Humans and other animals engage in generalization--applying information acquired in one situation to similar situations. But when this cognitive strategy goes awry, people can become fearful of situations that are not dangerous.
In a study published online on May 12 in Molecular Psychiatry, Jelena Radulovic, M.D., Ph.D., and colleagues identified a neurobiological mechanism that may explain why individuals fear things or situations that are not threatening. The researchers first conditioned mice to fear situations associated with electric shocks. When the animals were then exposed to social stress, the negative experience enabled the past negative shock memories to drive aversive behavior in the absence of actual danger. Combining molecular, cellular, and circuit findings, the researchers showed that stress-induced changes of cholinergic signaling were the main mediator of the observed fear generalization. The finding suggests that correcting abnormal cholinergic signaling in specific brain circuits may be a promising therapeutic strategy for helping people with anxiety disorders, the most common psychiatric illnesses in the U.S.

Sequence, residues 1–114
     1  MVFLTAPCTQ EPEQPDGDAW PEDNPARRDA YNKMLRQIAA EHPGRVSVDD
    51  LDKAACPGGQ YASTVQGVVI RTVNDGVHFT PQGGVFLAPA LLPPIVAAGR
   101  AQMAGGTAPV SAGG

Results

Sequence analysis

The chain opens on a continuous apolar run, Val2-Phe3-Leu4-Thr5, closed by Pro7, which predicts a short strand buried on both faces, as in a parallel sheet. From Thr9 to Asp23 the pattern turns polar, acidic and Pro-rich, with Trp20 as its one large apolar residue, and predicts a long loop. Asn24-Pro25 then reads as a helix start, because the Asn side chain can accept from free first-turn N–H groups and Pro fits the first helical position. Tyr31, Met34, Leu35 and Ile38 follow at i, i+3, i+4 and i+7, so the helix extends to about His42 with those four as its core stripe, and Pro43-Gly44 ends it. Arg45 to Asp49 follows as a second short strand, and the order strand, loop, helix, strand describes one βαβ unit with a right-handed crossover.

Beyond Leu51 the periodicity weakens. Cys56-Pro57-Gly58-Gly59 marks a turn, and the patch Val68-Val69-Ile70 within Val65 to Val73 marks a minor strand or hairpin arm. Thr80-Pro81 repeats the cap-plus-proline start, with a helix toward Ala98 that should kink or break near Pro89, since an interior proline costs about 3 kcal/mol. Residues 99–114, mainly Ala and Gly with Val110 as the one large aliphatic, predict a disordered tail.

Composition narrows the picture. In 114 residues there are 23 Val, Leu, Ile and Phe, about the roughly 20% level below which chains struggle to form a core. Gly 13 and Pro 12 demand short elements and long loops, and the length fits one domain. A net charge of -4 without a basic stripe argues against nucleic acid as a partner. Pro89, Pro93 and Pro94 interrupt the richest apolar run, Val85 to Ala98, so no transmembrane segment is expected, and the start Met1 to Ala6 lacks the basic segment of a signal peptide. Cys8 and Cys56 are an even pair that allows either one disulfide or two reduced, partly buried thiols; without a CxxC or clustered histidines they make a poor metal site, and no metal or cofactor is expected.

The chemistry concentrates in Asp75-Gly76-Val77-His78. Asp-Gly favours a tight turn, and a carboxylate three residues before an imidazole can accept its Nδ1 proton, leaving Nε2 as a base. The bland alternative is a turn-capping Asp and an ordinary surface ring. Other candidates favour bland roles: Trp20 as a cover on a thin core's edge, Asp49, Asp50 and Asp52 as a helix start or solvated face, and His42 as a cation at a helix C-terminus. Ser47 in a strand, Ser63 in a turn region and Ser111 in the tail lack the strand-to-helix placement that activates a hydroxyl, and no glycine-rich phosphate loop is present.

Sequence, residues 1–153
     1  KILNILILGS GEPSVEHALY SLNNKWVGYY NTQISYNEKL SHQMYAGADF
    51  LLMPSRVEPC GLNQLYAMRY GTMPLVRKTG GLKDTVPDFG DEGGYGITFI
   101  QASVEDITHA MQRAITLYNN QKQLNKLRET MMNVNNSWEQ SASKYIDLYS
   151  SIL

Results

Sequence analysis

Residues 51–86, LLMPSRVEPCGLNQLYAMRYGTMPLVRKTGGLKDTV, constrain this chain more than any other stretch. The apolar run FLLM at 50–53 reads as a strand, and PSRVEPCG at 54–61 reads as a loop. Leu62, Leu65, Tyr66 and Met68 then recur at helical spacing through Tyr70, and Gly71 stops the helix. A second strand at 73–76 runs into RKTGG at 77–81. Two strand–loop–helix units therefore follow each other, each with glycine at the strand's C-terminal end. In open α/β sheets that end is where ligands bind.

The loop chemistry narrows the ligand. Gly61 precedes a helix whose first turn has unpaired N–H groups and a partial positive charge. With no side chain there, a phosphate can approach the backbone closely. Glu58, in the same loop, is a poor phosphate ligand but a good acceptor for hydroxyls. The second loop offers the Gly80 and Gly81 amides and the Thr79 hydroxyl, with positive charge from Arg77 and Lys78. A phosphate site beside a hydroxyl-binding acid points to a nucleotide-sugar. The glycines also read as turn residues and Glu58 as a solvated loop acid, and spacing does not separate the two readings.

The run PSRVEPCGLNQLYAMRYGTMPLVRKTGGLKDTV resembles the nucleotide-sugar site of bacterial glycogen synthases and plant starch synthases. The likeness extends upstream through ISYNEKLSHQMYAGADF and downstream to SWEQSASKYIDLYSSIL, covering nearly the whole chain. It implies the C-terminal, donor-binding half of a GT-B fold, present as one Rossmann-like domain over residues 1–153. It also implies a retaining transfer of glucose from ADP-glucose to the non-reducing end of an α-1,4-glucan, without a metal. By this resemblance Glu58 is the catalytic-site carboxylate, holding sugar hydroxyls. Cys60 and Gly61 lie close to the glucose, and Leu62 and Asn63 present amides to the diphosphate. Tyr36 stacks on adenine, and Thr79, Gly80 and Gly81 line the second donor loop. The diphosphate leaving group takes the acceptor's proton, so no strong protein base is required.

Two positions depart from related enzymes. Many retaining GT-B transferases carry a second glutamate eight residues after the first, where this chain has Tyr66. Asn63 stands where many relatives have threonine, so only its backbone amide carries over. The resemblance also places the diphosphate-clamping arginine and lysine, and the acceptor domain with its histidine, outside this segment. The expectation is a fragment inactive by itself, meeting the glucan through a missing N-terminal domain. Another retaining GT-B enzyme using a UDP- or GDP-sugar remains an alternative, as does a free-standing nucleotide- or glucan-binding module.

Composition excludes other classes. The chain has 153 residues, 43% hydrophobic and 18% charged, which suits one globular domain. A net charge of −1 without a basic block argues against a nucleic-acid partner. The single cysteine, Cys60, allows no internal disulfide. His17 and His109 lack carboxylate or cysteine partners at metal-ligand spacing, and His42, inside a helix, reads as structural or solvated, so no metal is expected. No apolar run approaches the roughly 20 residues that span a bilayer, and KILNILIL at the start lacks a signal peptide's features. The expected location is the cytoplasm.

Dr. Radulovic is professor in the Dominick P. Purpura Department of Neuroscience, and of psychiatry and behavioral sciences, and is the Sylvia and Robert S. Olnick Chair in Neuroscience at Einstein. She is also co-director of the Psychiatry Research Institute at Montefiore Einstein.
Posted on: Tuesday, June 07, 2022